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S. Ulbrich, J. Friedrichs, M. Valtink, S. Murovski, C. Franz, V. Zubaty, R.H. W. Funk, K. Engelmann; RPE Cell Adhesion, Polarization and Directional Migration on Nanostructured Collagen Matrices . Invest. Ophthalmol. Vis. Sci. 2006;47(13):2875.
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© ARVO (1962-2015); The Authors (2016-present)
To determine whether nanostructured collagen matrices can be employed to direct the adhesive and migratory behavior of RPE (retinal pigment epithelial) cells.
Ultraflat, self–organizing collagen type I matrices with a defined nanostructure were prepared by addition of collagen I (final concentration 3%) to a KCl–glycine buffer onto a mica surface. In some experiments the collagen matrices were crosslinked by riboflavin/UVA treatment in order to increase their biomechanical rigidity. Primary human RPE, SV–40 transfected human RPE and ARPE–19 cells were seeded on the crosslinked nanostructured collagen I matrices. Cell morphology, adhesion and orientation along the collagen fibrils were studied by video microscopy for up to 20h. The expression of the collagen I–binding integrin α2ß1 was assessed quantitatively by Western blot analysis in all three cell lines.
All three cell lines adhered to the patterned collagen matrices, although primary and SV–40 transfected RPE cells showed faster attachment than ARPE–19 cells, which retained a rounded shape during the entire observation period. In contrast, primary and SV–40 transfected RPE cells aligned in the direction of the collagen fibrils and developed a stretched cell morphology. While attaching to and aligning along the fibrils, these cells exerted strong tractional forces on the collagen matrix which resulted in the detachment of the cell–matrix–complex from the supporting surface. Crosslinking of the collagen matrix delayed cell detachment by approx. 3h (primary and SV–40 RPE cells) and 12–20h (ARPE–19 cells). Expression of integrin α2ß1 was higher in SV–40 transfected RPE cells than primary RPE cells, whereas ARPE–19 cells showed almost no expression of integrin α2ß1.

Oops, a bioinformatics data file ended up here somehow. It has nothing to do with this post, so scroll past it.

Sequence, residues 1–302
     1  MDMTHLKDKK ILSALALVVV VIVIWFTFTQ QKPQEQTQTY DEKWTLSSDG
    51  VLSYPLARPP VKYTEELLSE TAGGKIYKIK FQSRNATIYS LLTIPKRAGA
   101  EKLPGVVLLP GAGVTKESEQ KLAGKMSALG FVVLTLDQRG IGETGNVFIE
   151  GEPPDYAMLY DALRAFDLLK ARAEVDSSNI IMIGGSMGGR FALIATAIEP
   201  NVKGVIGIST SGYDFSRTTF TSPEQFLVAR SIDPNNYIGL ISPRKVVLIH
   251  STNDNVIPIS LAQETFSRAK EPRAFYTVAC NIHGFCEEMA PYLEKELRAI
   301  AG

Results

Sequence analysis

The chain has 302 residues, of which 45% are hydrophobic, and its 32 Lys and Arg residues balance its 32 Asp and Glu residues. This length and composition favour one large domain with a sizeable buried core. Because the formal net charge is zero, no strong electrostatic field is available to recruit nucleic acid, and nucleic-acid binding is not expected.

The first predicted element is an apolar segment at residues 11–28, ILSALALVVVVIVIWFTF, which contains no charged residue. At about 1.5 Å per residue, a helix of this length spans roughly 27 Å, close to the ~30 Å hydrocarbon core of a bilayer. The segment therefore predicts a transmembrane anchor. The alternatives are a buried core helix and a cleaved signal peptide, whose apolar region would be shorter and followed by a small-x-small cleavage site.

RPE cells align in the direction of the underlying parallel fibrils of the patterned collagen matrix. The collagen–binding α2ß1 integrin promotes efficient cell attachment and polarization on the matrix. The tractional forces exerted by the cells are required for the polarization process but can lead to matrix disruption and cell–matrix–detachment. Photochemical crosslinking of collagen improves the stability of the matrix but does not prevent eventual matrix disruption and detachment from the substratum due to the high tractional forces exerted by RPE cells.
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